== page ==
In an effort to make the most out of the move to online education, I’ve begun reaching out to scholars and/or religious practitioners to see if they’d be willing to be interviewed about their research and/or beliefs. Since my ‘Religion in the United States’ students are learning about the Scientologist this week and Satanist next week—both being groups that challenge conventional definitions of religion—I thought I’d reach out to Dr. Joseph P. Laycock of Texas State University. Laycock is an assistant professor of religious studies who focuses on new religious movements and American religious history. His newest book, Speak of the Devil: How The Satanic Temple is Changing the Way We Talk About Religion, is excellent. I wanted my students to be able to hear directly from a scholar and I was thrilled that Laycock agreed to participate.
My students will watch this interview as part of their homework next week. But I want to share it now for those who might be interested. As a preview, here are the seven questions I asked him:
- Please tell everyone why I’m talking with you about this topic. What do you research and how did Satanism become one of your interests?
- One of the first things I tell my students about Satanism—and it’s something that find somewhat surprising—is that most Satanist don’t actually believe that Satan is a real, metaphysical being. Instead, he’s more of a symbol. Can you explain what Satan symbolizes for most Satanists?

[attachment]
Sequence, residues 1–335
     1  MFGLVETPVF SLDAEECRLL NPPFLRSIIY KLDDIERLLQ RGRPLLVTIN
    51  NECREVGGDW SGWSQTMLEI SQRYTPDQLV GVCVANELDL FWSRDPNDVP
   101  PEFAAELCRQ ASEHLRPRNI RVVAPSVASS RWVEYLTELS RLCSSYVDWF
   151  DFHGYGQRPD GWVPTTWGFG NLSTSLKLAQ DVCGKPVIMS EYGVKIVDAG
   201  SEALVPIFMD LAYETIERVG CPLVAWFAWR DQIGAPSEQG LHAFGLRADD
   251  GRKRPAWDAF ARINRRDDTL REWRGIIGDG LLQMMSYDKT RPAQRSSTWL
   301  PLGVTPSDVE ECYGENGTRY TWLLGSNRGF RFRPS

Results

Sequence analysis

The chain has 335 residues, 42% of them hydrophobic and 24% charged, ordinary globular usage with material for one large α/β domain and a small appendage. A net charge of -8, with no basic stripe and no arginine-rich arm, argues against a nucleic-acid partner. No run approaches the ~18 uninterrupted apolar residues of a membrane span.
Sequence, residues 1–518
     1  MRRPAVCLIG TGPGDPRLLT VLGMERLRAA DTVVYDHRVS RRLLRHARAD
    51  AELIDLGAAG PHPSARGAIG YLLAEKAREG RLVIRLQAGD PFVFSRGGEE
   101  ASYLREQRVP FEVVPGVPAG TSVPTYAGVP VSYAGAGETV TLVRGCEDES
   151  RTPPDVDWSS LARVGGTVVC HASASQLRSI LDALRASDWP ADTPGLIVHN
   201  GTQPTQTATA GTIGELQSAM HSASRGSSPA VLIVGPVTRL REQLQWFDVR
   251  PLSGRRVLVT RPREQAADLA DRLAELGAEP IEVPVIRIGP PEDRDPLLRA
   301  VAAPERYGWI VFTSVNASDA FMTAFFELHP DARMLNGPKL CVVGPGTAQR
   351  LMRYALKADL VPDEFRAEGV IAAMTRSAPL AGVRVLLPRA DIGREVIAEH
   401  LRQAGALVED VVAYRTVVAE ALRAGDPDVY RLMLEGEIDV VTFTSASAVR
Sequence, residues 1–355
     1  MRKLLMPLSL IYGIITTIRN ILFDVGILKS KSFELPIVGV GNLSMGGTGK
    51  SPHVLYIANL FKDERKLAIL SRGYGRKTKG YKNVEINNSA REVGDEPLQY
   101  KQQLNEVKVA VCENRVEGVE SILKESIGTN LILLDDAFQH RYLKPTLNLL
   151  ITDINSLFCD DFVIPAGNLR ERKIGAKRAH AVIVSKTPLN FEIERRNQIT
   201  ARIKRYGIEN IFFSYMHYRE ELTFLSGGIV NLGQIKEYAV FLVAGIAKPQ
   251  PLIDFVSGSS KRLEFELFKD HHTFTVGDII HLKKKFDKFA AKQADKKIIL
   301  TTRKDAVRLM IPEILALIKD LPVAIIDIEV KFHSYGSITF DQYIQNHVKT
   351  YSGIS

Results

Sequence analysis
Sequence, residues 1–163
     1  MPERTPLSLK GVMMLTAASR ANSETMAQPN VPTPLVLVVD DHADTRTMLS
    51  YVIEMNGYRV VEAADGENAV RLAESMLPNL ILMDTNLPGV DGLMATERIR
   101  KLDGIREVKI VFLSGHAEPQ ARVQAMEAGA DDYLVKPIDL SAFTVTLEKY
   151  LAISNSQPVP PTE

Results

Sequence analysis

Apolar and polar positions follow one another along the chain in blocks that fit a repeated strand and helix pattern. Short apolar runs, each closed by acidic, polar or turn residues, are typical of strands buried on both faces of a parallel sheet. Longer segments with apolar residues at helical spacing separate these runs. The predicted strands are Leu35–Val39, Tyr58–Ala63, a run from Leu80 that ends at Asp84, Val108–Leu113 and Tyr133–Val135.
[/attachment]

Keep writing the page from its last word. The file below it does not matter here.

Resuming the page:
- I’m from the San Francisco Bay Area, so I’ve known the name ‘Anton LaVey‘ and I’ve known of the Church of Satan (CoS) for years. Can you explain why LaVey and his CoS is important to understanding Satanism in the United States?
- In your excellent book, Speak of the Devil: How the Satanic Temple i Changing the Way We Talk about Religion, you focus on a new group of Satanists: The Satanic Temple (TST). Can you explain what TST is and what’s their mission and purpose is?
- Last year when I taught my class on American religion, I showed my students the graphic that can be found on TST’s website that juxtaposes their identity with that of the CoS. What would you say is the most important difference or differences between these two groups?
- In Chapter 6, ‘Satanic Bake Sales’, you wrote about a fascinating concept. You walk about how Satanists wrestle with the best way to appropriate ‘the inverted order’ or ‘the discourse of evil’. What does this mean and why are these concepts important for understanding TST (or even Satanism in general)?
- Some people dismiss TST, and even COS, as ‘fake’ religion or a mockery of religion. My students have read J.Z Smith’s article ‘Religion, Religions, Religious’, so they get the gist of why the word ‘religion’ can be tricky but can you explain why it’s problematic to dismiss TST or COS as a ‘fake’ or ‘mock’ religion?
You can watch the (unedited…because I haven’t developed that skill set yet) interview here:
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